* Weiss Lake in Alabama – Built in the confluence of three rivers, Weiss Lake generally has plenty of oxygen in the lake due to the great amount of flow through it. At Weiss, finding the crappie’s preferred water temperature is the critical factor in whether or not an angler catches summertime crappie there. If the surface temperature of Weiss is 80 degrees, look for water with temperatures in the mid- to low-70s at a water depth where the sunlight isn’t penetrating too deeply. Also search for structure that will hold crappie. Weiss Lake is usually stained, so, the primary factors for finding crappie there in the summer are learning where the cover is that the fish prefer that intersects cooler water. In other words, look for where the thermocline crosses cover that allows the fish to dodge the sunlight.
* Lake Hamilton in Hot Springs, Arkansas – On this crystal-clear, spring-fed lake, the depth to which sunlight penetrates in the summer is one of the critical elements for locating crappie. Because the lake is spring-fed, the water temperature and the dissolved oxygen content aren’t as important ingredients there for catching crappie as at some other lakes. But since the lake is so crystal-clear, the crappie are hunting shade during the summer months. At Lake Hamilton, you must find ledges and drop-offs in the depth of water that protects crappie from the sun, but this water may be too cold for the crappie to be comfortable. Most of the water in this lake deep enough for the crappie to hide from the sun may register 62 to 63 degrees in the summer. You’ll have to search until you locate ledges and drop-offs with brush on them deep enough for the crappie to avoid the sun but warmer than the 62-degree water present in similar areas of the lake. Usually these regions are in 12-18 feet of water in the summer.
* To catch summer crappie, fish deep. Anglers name Lake Eufaula in Alabama where three creek channels come together, as about the only place in the nation that even in August, an angler can catch crappie. Crappie concentrate in this particular region, because there’s cool water from the three different creeks running into the lake at the same spot, making a 10-15 degree difference in the water temperature in the summer between this area and anywhere else on the lake. Although the rest of Lake Eufaula may have 85- to 90-degree water, the water here constantly will be 65 to 70 degrees from the surface down to about 6 feet. The crappie here will be 4-1/2- to 5-feet deep – even in August. This site also has humps on the bottom with trash piled on top of the humps. So, the crappie have cool water, structure and cover all in one place. Since the water here is always stained, the light penetration doesn’t bother the fish either. Because the water temperature in this area remains constant, you can catch crappie trolling all year long on this one area of Lake Eufaula.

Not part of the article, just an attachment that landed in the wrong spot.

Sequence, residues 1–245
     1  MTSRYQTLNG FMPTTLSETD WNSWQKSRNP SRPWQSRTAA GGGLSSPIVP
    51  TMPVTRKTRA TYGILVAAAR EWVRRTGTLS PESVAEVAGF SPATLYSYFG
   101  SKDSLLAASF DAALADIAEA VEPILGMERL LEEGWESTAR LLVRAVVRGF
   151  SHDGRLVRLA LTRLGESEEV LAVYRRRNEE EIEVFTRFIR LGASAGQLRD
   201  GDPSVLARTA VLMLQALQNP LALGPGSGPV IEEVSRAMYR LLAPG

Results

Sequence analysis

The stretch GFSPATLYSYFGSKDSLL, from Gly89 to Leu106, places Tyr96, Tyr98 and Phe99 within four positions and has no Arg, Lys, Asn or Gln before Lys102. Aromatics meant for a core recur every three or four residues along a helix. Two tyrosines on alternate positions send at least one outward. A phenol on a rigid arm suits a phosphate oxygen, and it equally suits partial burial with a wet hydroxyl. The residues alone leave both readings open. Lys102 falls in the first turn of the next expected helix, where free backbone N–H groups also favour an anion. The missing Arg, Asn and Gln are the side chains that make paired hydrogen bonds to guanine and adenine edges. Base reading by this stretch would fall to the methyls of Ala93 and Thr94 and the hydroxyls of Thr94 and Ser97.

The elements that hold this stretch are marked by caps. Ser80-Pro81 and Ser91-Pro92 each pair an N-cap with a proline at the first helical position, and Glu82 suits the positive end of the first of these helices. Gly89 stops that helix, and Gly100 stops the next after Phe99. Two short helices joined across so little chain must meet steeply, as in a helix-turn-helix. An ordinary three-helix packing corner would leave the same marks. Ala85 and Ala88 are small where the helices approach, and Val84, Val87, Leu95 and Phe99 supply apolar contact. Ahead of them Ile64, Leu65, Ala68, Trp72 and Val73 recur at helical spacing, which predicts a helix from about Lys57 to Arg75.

“Another effective hot weather crappie technique is to vertical jig drop-offs in deep water, much like a bass angler does when he’s trying to catch summertime bass. During hot weather, fish a 1/32-ounce jig on 4- 6-pound-test line, since crappie seem to want a smaller jig when they’re holding in deep water. Watch your line, because you’ll see the bite rather than feel it. Often crappie are more aggressive when you’re fishing light line and little jigs in deep water. Since the baits are passing right in front of the crappie’s noses, they don’t have to move to hit the lures and will suck the jigs in quickly.”
Shoot Boatdocks and Piers:
Look at boatdocks and piers. Probably 90 percent of the time, these docks, which will be in fairly-deep water, will have brush under them that homes baitfish which the crappie will follow. To fish boat docks and piers, hold a 1/32-ounce jig between your thumb and index finger with the hook pointing out. Then using an ultralight spinning rod and keeping the line tight, pull the jig back, so the rod bows and then release the jig and the line, which makes the rod shoot the jig up under the low docks. Generally, to catch crappie in the summer, you must look for docks sitting in 8-10 feet of water.
To learn much more about crappie fishing, get John E. Phillips’ Kindle eBooks, and print and Audible books by going to http://johninthewild.com/books/#crappie or to www.barnesandnoble.com for Nook books. To receive and download for free “The Crappie Catchers’ Cookbook,” by John and Denise Phillips, go to http://johninthewild.com/free-books.